Even though it’s been a couple of years since she had her own classroom, St. Joseph Community School Principal Christina Carlton knows the look by heart.
She’s seen those eyes glaze over. She’s seen the body language that says a student has checked out.
And so, too, have her teachers, but these days, they’re seeing that look much less because St. Joe’s is all about “brain breaks.”
“Research tells us that kids need a break after 20, 25 minutes,” Carlton said. “They don’t need an hour of play or anything like that, but they need a quick break.”
Walk into a classroom at the right time, and you might see students walking like ducks, stretching like foxes or even making some pretty strange noises.
In short, they’re giving their brains a break.
“Sometimes you just got so much going through your grain, you just need a little break,” said Caitlyn Rochford, a student in Susie Klunder’s fifth- and sixth-grade classroom. “It’s like, ‘Wow, I need a minute.’”
Her classmate, Sophie Phillips, agreed. “When we do them, I fell like so much better about learning,” she said. “Brain breaks are fun and they kind of make you feel refreshed and better.”
Dawn Heying teaches third- and fourth-graders at St. Joe’s, and she is a big believer in the brain breaks. Part of the reason is that she has more and more students who don’t get enough sleep at night.
“I’ve read that 30 percent of student on average don’t get enough sleep,” she said, “and that make the brain breaks even more important. People might say we’re goofing off, but that couldn’t be further from the truth. It actually facilitates the learning process.”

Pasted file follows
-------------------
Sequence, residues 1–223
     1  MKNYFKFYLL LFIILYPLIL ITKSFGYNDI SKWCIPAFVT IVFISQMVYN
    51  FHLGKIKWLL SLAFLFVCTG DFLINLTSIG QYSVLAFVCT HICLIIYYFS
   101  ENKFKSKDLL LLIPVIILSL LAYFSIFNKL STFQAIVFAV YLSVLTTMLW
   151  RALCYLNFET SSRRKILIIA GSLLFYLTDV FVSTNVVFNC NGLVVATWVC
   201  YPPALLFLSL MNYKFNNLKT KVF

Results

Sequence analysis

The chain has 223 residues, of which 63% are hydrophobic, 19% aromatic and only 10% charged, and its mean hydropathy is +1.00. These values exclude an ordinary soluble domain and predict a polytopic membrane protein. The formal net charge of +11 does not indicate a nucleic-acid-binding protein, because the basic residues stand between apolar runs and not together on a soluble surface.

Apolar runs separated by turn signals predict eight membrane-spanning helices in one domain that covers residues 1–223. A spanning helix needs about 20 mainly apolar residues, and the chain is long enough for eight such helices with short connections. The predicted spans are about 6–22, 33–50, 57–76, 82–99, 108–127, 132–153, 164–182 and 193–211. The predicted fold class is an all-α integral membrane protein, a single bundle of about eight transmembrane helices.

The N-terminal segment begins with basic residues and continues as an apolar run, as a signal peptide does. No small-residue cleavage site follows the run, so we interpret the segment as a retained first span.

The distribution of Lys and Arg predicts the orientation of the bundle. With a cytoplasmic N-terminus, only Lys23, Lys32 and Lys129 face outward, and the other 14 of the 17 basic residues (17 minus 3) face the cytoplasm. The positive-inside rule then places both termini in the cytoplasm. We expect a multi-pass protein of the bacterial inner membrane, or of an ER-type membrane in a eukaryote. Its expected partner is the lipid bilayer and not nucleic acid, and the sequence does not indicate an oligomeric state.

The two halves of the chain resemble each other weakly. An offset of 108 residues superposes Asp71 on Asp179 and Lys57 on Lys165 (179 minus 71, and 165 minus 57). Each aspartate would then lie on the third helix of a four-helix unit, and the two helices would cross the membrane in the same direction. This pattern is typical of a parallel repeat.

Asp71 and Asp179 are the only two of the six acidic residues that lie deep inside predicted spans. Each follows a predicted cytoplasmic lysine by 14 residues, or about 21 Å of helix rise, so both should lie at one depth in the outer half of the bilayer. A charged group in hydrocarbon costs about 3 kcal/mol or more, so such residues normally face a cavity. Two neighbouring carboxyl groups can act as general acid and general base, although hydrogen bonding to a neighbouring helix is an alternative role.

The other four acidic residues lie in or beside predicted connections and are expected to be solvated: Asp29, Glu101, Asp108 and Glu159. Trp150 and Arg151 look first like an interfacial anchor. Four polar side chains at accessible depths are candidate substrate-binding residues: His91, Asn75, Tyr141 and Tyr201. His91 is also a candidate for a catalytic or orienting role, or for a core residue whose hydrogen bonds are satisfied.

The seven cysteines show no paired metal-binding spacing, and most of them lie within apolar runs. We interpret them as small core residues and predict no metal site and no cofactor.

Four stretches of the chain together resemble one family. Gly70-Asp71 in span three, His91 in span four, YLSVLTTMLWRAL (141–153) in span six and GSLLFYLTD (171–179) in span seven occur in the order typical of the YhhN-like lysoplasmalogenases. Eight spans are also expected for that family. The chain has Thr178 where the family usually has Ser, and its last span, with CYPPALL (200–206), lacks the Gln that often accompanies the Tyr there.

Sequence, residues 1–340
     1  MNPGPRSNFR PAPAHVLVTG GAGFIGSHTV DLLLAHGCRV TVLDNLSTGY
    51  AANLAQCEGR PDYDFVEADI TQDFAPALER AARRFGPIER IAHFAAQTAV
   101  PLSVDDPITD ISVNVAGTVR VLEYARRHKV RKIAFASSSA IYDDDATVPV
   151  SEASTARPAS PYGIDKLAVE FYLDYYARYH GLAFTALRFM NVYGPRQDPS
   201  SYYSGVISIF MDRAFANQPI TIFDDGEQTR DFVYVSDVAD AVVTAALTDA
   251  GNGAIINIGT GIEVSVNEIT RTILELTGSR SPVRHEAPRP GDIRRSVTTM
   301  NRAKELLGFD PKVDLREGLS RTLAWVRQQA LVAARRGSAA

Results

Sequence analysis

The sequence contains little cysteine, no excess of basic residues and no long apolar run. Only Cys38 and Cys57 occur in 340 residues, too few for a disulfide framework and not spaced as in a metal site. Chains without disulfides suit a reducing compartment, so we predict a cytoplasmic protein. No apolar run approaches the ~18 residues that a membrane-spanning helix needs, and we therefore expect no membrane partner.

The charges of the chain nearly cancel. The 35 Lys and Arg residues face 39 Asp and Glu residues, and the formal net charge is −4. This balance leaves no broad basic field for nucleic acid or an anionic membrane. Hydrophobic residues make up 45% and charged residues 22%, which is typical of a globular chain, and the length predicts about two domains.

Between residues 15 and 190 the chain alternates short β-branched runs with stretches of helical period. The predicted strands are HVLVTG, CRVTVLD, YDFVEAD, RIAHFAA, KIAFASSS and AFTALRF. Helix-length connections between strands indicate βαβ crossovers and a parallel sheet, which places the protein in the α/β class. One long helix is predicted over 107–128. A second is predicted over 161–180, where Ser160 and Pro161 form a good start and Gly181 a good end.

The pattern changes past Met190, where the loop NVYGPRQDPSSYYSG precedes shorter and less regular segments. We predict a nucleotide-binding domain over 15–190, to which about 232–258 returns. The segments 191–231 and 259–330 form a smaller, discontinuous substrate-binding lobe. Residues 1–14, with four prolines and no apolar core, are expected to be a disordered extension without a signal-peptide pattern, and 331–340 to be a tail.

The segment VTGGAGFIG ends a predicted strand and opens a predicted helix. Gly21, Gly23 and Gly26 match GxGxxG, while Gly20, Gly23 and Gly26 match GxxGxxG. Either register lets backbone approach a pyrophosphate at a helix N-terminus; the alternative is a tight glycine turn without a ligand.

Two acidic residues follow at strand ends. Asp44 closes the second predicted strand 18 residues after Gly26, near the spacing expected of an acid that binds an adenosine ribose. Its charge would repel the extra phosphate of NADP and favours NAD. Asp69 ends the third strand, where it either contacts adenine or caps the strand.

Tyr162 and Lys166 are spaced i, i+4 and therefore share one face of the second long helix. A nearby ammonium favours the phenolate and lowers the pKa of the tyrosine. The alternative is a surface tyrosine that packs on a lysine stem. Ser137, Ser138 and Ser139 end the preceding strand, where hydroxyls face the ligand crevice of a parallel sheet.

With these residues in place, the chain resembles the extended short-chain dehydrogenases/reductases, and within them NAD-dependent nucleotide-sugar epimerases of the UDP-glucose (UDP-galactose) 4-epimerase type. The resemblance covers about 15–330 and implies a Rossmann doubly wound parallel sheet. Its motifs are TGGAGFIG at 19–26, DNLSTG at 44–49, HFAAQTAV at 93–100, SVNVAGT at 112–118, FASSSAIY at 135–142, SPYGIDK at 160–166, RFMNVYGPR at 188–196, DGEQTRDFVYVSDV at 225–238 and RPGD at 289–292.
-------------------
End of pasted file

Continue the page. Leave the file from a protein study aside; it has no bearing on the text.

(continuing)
Like many St. Joe’s teachers, Heying often allows her students to choose their brain break activities. The brain breaks last no more than two or three minutes, and teachers have become accustomed to interrupting a lesson to conduct a brain break.
“Oh, I’m definitely with Christina when it comes to knowing when the kids are checking out,” Herold said. “What’s been amazing is to see how much better focused they are even after a minute or two with a brain break.”
The key and some would think the challenge is getting students to realize that the break is quick.
Caleb Mason, a student in Klunder’s classroom, laughed when I asked about what happens when a brain break has concluded? “You go back to work or else we don’t get to do them,” he said.
But students are OK with that. If they didn’t know they needed brain breaks before, they certainly do now.
“Sometimes, I think something’s really hard,” said Natalie Marr, another student in Klunder’s classroom, “and then we do a break and it’s like this is easy.”
And when they get back to work in Heying’s classroom, they do so on some fairly unique chairs – exercise balls the school received thanks to a grant.
“It keeps the blood flowing and that’s good,” Heying said. “As a teacher, it’s a little different to see the kids bobbing up and down, but I’ve found they do focus better.”
Source: New Hampton Tribune, 01/23/2015.